The Museum Column

cultural intelligence, exhibit reviews, museum news


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Cat videos: a museum topic?

I have been told on reliable authority that cute cat videos are some of the most popular content on YouTube. In a complete change of pace, this post is an experiment to see if cat videos have their place in a blog about museums. Here is a carefully curated selection of videos.

Category one: cats in museums

Cats in the Hermitage Museum.

Category two: museums about cats

A museum in Ohio about cats.

Category three: art gallery film festival about cat videos

A cat video program a the Walker Art Gallery.

Category four: serious museological analysis of cat videos

A blog posting by the Center for the Future of Museums about the Walker Art Gallery cat video awards ceremony. This post originates from the American Alliance of Museums, the pre-eminent professional association internationally. And so, I think it is quite OK for a museum blog to include cat videos as content!


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Exhibits about Residential Schools: Part Two

Since publishing a post on exhibitions about residential school at the end of October, I have become aware of two other exhibitions on the same topic, both from the Legacy of Hope Foundation.

The earlier exhibition is called Where are the Children? Healing the Legacy of Residential Schools. It was produced in 2001 and has been seen in many university and museum settings across Canada. This exhibition spans over 125 years and contains photographs and documents from the 1880s to present day. Since it was first produced, the exhibit has been augmented by an iphone app which provides information in greater depth from curator Jeff Thomas via video, images, and text.

In 2010 the Foundation produced “We were so far away”: The Inuit Experience of Residential Schools. The Legacy of Hope Foundation’s website reveals the impetus for the exhibit as “a need to portray the unique Inuit experience of residential schools”:

We were far away from home, very far away; emotionally, geographically and spiritually.

These exhibitions tell such important stories. I hope that you will have time to visit the Legacy of Hope Foundation website to learn more about them. If you work in a museum, art gallery, or anywhere with public space and would like to book an exhibit, you are encouraged to contact Kate Laing at klaing@legacyofhope.ca or the general email address info@legacyofhope.ca


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Four tips and techniques for writing engaging labels

Some museum exhibits can have hundreds and hundreds of objects, needing about the same number of labels. The prospect of writing them all can be a bit daunting. And so, here are a few handy techniques and examples that can be applied to labels on any subject matter to help keep things interesting.

1. Include your thinking process

Mask
7th millennium BC
Limestone

Only four masks, all of limestone, have been recovered from the prehistoric periods of this region. The function of these masks in unknown. They have holes for fastening, but were they intended to adorn the living, to honour the dead, or for another purpose entirely?

2. Conjure up an image

Multiple-nozzle lamp
1st century AD
Pottery

An exceptional piece of Early Roman pottery, this oil lamp would have been suspended using the three small holes in the dome, and filled with oil through the large hole in the top. Wicks inserted in the twenty-one nozzles, now blackened by the flames, would have radiated a brilliant light.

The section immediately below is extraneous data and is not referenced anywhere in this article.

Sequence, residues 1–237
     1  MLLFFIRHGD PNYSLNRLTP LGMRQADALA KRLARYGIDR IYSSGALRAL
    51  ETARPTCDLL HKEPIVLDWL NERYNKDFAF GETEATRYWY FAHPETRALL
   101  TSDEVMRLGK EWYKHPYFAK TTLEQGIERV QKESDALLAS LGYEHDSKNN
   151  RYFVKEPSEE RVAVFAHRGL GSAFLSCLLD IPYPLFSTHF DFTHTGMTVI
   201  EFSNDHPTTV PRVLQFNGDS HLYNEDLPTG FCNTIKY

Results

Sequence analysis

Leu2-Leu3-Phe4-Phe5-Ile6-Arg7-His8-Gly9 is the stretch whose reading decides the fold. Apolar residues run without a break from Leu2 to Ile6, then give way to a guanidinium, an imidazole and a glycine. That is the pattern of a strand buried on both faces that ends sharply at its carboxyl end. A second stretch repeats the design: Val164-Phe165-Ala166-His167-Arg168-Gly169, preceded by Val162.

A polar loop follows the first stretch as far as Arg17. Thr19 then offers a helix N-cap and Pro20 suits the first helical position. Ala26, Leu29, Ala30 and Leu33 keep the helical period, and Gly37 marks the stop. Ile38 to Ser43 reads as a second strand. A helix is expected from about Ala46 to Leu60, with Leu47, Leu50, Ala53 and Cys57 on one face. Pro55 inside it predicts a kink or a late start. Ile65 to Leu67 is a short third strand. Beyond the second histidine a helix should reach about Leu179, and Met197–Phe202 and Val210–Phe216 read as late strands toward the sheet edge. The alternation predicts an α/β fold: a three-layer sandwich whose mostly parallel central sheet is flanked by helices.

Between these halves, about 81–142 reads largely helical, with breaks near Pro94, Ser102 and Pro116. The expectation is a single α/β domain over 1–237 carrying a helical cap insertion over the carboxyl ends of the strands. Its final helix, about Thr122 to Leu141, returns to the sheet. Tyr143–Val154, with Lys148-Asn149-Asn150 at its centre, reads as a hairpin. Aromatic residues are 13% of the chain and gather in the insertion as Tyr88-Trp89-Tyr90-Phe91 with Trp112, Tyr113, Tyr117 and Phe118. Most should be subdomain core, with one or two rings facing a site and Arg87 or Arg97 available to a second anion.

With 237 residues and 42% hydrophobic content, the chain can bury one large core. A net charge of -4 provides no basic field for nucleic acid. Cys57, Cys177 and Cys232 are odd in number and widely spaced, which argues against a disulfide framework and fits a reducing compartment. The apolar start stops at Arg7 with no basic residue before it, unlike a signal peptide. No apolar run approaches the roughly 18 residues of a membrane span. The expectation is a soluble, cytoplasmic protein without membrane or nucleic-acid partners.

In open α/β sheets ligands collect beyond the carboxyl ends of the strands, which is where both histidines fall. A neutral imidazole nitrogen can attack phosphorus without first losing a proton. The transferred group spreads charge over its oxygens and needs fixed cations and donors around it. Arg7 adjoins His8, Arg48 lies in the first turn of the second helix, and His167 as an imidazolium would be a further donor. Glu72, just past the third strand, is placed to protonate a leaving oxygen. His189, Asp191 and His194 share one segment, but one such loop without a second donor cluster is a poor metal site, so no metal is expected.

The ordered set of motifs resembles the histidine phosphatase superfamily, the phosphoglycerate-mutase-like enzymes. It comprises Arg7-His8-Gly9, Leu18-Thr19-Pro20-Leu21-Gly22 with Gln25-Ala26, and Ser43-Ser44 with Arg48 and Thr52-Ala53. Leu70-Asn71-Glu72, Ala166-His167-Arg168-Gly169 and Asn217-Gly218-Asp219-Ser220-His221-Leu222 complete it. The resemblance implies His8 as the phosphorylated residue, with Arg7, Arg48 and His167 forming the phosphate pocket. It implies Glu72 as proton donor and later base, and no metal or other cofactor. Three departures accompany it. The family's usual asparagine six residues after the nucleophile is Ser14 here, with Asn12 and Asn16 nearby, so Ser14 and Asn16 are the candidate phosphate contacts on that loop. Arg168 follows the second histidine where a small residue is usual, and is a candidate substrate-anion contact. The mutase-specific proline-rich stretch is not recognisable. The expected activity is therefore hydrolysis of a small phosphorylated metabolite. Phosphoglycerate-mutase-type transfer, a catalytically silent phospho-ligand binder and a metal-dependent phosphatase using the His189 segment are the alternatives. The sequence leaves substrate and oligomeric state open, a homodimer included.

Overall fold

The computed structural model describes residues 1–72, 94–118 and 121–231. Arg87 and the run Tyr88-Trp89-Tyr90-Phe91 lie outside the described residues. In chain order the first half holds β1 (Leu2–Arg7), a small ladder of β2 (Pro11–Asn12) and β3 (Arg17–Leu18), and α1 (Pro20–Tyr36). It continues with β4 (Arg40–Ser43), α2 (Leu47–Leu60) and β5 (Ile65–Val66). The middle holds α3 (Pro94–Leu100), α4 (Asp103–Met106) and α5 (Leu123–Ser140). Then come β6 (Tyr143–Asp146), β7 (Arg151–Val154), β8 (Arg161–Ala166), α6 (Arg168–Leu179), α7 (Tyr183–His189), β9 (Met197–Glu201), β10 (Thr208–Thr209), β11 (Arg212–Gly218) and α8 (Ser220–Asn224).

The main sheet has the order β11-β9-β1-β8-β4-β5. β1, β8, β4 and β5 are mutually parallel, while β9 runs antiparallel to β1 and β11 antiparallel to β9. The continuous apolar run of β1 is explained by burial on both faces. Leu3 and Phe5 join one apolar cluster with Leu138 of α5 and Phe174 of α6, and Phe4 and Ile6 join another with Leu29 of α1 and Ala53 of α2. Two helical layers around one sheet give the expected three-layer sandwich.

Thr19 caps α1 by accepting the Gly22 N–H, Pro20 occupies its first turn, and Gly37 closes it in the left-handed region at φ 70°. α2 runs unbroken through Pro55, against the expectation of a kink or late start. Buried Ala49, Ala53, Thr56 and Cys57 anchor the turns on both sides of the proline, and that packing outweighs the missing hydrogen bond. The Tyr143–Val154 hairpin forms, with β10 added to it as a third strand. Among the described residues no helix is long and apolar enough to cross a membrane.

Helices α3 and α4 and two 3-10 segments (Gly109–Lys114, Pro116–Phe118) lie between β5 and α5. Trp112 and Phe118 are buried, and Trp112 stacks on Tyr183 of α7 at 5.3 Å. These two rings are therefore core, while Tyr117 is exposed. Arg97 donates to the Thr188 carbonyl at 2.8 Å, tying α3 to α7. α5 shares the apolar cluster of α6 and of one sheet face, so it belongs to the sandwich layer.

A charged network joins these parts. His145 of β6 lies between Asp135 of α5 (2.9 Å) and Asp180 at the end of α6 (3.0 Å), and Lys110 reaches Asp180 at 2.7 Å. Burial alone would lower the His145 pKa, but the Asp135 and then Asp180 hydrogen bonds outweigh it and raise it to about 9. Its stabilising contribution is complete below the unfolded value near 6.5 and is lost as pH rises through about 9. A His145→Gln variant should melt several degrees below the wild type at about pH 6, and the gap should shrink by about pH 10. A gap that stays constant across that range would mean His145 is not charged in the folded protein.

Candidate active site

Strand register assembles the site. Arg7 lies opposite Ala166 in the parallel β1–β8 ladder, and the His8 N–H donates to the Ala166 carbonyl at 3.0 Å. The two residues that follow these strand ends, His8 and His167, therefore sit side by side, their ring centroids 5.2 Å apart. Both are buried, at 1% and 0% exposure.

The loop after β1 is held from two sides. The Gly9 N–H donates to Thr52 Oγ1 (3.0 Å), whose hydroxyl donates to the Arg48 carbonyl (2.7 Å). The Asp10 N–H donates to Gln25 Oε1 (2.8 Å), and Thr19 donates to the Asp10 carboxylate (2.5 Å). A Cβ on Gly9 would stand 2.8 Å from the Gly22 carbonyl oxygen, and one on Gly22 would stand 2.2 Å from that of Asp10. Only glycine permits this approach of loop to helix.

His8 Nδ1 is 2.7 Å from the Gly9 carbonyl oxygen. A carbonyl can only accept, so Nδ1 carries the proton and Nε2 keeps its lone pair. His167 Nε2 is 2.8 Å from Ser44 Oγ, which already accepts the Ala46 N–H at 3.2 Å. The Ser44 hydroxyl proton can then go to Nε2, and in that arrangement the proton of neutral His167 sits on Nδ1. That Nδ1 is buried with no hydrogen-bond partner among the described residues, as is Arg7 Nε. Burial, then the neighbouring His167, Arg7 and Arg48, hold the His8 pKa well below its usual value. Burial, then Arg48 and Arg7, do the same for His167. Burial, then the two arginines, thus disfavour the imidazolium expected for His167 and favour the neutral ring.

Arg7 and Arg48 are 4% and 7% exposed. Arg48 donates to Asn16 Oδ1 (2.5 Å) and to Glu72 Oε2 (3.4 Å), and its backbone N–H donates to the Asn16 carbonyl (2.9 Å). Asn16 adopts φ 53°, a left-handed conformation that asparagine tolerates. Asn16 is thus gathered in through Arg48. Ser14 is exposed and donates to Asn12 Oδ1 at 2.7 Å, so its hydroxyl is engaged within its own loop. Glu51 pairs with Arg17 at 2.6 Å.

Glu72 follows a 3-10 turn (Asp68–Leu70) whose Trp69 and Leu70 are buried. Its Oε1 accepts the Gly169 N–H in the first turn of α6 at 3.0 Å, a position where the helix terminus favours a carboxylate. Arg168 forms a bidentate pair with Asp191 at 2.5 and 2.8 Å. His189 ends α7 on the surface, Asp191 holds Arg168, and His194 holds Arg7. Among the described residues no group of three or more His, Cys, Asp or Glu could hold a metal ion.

3. Invite comparison

Towels
Quebec, 1875 – 1899

These towels are all woven using very coarse “tow” linen. With use and washing they would gradually become softer and whiter. You can see that one has never been used, one has been used quite a bit, and one has had quite a lot of wear.

4. Use quotations from contemporary literature

Carved Ivories

“In Fuijan ivory is carved into human form, the workmanship of which is fine and artful; however, one cannot put them anywhere or give them as decent presents”.

Gao Lian, writer and scholar, 16th century AD

______________________________________________

The Texas Historical Commission’s ten minute video with more tips for writing effective labels is an excellent go-to resource for the basics. This year’s award winning labels from the American Alliance of Museums are really inspiring. They are in the November/December 2013 edition of Museum magazine. What is your tip for writing interesting labels?

attributions: All labels mentioned here were written for exhibitions shown at the Royal Ontario Museum. Labels 1 and 2 are from the temporary exhibition Treasures of the Holy Land, Label 3 is from the temporary exhibition Canada’s Handwoven Heritage, and label 4 is for an object from the Chinese collection.


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Context for on-line visitor research — two tips

The digital age opens new vistas on who we can ask to participate in exhibit making. No longer are we restricted to asking the public for their participation in a familiar museum setting, a focus group facility, or a nearby shopping mall or community centre. On line, we can ask anyone, anywhere, for their ideas. But who are we talking to, how do we contextualize the information we are receiving? Here are two things I have been thinking about.

We have always relied so much on demographics to contextualize audience research. We so often select who we would like to ask questions of based on demographic characteristics. Then, results are also analysed by demographic segmentation. When we start researching on-line perhaps some demographic questions can be asked up front to define the field of respondents, but how reliable is this information when it is not supplied in person? How do we know who we are talking to?